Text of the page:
One day after getting a HUGE get in the form of a new SPHL team in the Quad Cities, the SPHL was dealt a massive blow when the news came down Thursday morning that the Mississippi RiverKings, one of the longest lasting minor league hockey teams anywhere, with history dating back to 1992, have ceased operations.
From the SPHL website:
HUNTERSVILLE, NC (May 24, 2018) – The Southern Professional Hockey League (SPHL) on Thursday announced the Mississippi RiverKings will be suspending play for the 2018-2019 season.
“This has been a very difficult decision for Robin Hurdle,” said President Jim Combs. “In addition to their tremendous charitable contributions to Southaven and the surrounding communities, the RiverKings have been an outstanding league partner for the past seven seasons. On behalf of the league and its Board of Governors, I would like to thank Robin for her efforts. The league is actively seeking new ownership in order to bring the team back for the 2019-2020 season.”
Originally one of the founding members in the old CHL as the Memphis RiverKings playing in the old Mid-South Coliseum, the team changed its name in 2007 to the Mississippi RiverKings seven seasons after a move to the Landers Center in Southaven, Mississippi, just south of Memphis.
The RiverKings had seen attendance dip sharply since joining the SPHL for the 2011 season, prior to moving to Southaven, the team had only seen attendance dip below 3500 fans a night in Memphis once, and had six with over 4000 fans a night before moving to Mississippi. Attendance was steady for a bit after the move, but dropped sharply to around 3200 fans a night in the final four seasons of the CHL. Since joining the SPHL, attendance only got worse, and peaked at just over 2900 fans in the first season, and was never above 2561 in the remaining six seasons, including 2325 in the final season, next to last in the league.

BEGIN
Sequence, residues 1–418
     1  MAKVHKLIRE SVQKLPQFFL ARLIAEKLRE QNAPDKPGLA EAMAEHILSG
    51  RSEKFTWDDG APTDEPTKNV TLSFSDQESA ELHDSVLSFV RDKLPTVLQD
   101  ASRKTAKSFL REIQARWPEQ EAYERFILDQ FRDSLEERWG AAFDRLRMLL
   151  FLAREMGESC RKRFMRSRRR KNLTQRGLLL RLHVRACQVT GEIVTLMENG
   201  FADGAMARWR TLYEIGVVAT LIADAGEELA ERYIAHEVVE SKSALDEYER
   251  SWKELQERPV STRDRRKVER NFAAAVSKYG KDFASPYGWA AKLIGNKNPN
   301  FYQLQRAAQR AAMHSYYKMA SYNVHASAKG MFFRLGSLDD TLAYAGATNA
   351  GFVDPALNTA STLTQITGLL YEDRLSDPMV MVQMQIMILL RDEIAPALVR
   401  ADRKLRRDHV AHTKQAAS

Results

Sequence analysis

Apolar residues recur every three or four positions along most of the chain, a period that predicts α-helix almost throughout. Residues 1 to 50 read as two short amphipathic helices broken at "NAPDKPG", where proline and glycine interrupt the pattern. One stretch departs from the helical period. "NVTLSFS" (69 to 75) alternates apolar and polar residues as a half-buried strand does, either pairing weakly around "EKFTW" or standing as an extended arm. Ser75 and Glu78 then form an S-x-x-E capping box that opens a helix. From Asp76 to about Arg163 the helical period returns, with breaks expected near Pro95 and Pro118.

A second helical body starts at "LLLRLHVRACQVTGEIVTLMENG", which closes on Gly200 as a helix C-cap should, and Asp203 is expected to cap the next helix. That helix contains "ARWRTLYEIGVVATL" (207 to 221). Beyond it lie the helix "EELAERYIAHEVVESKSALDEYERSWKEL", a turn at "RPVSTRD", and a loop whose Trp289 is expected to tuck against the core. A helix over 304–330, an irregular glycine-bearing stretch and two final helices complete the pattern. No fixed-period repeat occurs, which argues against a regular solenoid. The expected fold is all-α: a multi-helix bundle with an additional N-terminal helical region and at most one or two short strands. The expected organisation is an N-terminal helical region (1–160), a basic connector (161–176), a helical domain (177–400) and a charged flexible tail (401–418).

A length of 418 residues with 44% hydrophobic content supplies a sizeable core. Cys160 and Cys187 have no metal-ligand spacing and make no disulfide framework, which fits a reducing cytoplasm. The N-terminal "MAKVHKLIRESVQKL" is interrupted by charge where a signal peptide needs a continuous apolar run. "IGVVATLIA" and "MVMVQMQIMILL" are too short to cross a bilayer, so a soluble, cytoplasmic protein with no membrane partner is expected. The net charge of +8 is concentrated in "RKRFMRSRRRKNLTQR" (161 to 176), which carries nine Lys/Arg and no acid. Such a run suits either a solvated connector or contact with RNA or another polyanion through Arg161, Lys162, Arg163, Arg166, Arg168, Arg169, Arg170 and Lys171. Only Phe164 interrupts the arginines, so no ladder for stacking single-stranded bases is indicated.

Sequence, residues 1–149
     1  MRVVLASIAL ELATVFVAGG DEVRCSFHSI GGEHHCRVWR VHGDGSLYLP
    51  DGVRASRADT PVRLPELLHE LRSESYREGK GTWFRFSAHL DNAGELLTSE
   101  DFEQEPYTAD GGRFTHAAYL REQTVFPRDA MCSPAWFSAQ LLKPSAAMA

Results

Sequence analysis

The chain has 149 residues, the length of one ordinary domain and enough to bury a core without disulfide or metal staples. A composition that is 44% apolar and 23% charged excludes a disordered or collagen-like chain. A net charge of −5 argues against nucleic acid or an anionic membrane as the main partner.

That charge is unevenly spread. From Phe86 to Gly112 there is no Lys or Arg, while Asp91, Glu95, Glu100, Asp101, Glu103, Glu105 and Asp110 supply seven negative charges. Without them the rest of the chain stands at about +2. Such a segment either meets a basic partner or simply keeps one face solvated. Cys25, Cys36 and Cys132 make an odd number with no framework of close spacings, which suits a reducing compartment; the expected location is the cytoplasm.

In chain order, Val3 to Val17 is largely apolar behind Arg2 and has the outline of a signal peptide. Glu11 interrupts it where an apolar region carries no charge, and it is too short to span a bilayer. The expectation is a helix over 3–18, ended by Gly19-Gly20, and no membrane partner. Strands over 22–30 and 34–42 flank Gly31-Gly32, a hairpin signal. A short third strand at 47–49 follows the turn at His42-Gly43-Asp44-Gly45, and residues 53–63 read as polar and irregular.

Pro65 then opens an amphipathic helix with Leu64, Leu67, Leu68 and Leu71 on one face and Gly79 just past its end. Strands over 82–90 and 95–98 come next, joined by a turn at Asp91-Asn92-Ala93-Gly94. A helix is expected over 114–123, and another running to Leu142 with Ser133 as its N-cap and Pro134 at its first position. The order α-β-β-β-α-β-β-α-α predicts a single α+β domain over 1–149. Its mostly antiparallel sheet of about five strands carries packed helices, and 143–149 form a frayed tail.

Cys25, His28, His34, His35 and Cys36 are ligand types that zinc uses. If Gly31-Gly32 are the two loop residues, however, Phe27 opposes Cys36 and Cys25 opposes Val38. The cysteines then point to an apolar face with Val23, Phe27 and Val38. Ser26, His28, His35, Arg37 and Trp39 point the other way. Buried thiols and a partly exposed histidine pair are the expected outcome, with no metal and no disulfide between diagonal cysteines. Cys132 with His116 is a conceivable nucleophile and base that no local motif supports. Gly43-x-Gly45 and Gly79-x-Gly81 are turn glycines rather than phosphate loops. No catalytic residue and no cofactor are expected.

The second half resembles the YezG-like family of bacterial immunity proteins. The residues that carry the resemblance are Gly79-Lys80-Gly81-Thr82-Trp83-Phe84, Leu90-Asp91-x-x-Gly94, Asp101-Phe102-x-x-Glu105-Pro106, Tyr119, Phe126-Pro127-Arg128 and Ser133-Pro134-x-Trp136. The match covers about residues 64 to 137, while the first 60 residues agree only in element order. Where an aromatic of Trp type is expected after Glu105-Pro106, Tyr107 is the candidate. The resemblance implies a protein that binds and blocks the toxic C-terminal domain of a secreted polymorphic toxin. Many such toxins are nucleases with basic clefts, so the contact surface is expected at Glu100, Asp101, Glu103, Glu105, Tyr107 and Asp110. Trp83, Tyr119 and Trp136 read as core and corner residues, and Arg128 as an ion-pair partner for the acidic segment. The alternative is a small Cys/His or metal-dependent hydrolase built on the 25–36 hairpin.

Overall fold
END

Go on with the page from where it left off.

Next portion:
As noted in the brief release above, the league is looking for new owners to bring the team back in 2019, but that usually doesn’t end well and more often than not, does not happen. What is more likely to happen is somebody buys the dormant franchise and moves it to another southern city that wants a team.
If there is a silver-lining in this, it’s that the SPHL is back at an even 10 teams for the 2018-19 season, so there won’t be one team sitting out every week.
But it’s a big blow to the SPHL to lose one of its anchor tennants, and an even bigger blow to hockey fans in Memphis who had a team to cheer on for 26 seasons, and woke up to the news today that they no loner have a team.